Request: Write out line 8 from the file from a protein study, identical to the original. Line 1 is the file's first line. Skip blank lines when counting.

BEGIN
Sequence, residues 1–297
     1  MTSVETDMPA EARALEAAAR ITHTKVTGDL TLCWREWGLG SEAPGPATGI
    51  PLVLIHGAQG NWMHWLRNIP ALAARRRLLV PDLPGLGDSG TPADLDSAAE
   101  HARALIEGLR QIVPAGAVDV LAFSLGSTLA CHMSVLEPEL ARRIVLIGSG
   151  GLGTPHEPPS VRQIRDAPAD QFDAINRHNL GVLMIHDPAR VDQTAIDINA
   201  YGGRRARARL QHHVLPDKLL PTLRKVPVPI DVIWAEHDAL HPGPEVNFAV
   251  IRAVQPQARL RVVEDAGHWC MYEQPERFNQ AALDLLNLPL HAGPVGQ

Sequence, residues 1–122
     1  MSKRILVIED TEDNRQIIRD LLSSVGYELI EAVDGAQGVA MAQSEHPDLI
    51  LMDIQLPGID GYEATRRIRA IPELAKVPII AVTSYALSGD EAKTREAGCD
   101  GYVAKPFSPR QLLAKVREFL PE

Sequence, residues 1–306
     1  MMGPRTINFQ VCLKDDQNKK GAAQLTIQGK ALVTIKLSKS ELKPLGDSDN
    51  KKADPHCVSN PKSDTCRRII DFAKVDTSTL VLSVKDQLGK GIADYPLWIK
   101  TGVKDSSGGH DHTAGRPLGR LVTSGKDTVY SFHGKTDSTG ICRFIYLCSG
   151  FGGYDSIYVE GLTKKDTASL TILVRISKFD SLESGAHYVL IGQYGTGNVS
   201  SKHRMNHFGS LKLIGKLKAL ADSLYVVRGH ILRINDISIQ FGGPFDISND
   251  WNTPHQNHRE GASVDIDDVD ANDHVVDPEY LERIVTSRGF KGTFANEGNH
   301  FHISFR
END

Sequence, residues 1–122